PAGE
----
Words prime semantic and conceptually related associates and concepts. This article documents a novel route of priming disparate meanings relevant to consumer behaviors. Reading processes use word sound, not spelling, to activate word meaning in memory. Reading a homophone (e.g., "bye")-a word with identical pronunciation as another word but with different spelling and meaning-activates meanings and concepts related to the complementary homophone (e.g., "buy"). Homophone priming occurs when a secondary process fails to suppress activated meanings associated with the complementary homophone, which may influence meaning-relevant consumer behaviors downstream. Two experiments (with replications) demonstrate this effect occurs when consumers experience diminished cognitive resources, which reduces the ability to suppress complementary homophone meanings. This research identifies word sound as an associative link between otherwise unrelated concepts that can result in priming of judgments and behavior. Importantly, these results are difficult to predict from a purely semantic or associative priming perspective.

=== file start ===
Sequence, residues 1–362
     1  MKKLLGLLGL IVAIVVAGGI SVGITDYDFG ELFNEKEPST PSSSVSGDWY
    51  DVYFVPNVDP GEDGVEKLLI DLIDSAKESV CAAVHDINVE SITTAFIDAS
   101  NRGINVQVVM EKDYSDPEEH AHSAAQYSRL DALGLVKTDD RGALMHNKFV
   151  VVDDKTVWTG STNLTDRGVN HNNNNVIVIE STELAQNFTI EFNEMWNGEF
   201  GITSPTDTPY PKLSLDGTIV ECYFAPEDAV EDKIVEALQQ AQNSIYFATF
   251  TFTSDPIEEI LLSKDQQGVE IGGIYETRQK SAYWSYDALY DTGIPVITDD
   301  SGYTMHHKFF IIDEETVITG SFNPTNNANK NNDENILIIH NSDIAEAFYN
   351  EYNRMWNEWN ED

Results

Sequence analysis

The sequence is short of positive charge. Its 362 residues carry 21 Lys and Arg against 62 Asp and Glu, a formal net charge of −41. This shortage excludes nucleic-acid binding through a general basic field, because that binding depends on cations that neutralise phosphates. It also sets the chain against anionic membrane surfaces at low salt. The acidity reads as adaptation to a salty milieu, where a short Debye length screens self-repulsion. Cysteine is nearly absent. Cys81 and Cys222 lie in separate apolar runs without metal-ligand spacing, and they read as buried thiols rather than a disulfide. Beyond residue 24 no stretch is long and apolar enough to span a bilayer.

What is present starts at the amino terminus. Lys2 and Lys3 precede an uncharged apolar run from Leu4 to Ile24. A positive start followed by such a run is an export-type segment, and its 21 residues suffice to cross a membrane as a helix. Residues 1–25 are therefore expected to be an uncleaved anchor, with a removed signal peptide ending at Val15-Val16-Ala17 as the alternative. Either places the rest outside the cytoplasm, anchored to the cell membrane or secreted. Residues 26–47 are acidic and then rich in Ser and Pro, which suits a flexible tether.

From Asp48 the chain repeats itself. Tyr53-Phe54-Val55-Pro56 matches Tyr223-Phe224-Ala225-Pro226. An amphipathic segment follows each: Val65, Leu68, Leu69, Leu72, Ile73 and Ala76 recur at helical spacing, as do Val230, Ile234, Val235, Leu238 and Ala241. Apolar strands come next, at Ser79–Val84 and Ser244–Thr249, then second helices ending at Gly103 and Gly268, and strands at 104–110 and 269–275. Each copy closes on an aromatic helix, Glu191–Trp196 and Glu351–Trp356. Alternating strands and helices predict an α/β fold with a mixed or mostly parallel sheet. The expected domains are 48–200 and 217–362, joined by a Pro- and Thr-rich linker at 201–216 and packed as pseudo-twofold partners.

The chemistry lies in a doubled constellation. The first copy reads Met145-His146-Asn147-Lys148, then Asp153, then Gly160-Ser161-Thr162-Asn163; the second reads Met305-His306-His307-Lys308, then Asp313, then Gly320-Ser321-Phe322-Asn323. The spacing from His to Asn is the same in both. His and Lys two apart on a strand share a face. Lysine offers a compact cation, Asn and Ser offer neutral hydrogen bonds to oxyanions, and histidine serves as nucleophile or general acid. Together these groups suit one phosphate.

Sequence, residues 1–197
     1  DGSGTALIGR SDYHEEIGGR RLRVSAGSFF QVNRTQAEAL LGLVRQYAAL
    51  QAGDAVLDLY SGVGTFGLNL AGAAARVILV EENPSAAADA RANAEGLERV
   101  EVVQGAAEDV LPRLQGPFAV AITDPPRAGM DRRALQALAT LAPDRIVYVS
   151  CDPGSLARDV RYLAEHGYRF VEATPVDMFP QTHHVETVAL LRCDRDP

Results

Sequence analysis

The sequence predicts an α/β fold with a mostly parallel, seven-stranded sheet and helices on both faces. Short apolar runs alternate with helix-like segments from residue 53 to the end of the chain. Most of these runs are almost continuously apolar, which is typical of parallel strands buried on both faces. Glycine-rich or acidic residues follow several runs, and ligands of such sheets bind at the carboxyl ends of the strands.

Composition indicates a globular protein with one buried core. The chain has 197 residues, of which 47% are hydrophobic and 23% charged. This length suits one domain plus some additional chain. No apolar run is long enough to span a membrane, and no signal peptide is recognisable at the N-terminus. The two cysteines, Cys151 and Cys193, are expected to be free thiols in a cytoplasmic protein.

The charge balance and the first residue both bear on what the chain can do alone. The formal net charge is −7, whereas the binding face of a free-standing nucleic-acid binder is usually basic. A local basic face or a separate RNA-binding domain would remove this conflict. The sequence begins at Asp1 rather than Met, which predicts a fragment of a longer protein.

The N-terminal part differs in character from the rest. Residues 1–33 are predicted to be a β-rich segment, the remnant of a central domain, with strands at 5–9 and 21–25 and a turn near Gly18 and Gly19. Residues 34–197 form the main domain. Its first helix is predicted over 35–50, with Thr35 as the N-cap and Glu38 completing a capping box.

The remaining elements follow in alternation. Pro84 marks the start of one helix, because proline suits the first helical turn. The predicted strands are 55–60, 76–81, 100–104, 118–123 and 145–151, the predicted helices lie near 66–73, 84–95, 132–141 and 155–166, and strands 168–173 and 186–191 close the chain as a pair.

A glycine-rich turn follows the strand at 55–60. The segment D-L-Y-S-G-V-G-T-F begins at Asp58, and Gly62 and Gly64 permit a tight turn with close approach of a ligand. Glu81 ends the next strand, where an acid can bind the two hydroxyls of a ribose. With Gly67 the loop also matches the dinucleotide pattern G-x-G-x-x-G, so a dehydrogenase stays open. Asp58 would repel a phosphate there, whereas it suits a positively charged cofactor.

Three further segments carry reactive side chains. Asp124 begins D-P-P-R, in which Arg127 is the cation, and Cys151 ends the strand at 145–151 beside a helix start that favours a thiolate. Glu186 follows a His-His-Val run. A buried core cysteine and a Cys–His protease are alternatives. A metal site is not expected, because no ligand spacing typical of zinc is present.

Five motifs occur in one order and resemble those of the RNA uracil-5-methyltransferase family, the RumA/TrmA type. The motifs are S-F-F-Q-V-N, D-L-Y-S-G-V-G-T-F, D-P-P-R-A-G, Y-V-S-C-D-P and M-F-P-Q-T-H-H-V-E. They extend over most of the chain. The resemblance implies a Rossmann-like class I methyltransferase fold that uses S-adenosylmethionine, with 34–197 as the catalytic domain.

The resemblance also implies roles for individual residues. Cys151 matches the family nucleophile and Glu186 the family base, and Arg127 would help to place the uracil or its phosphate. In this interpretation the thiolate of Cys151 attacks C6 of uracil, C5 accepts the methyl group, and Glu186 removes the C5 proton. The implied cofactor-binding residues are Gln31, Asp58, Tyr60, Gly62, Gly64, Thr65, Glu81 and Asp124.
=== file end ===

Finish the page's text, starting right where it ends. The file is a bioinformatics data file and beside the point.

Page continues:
ASJC Scopus subject areas
- Business and International Management
- Arts and Humanities (miscellaneous)
- Economics and Econometrics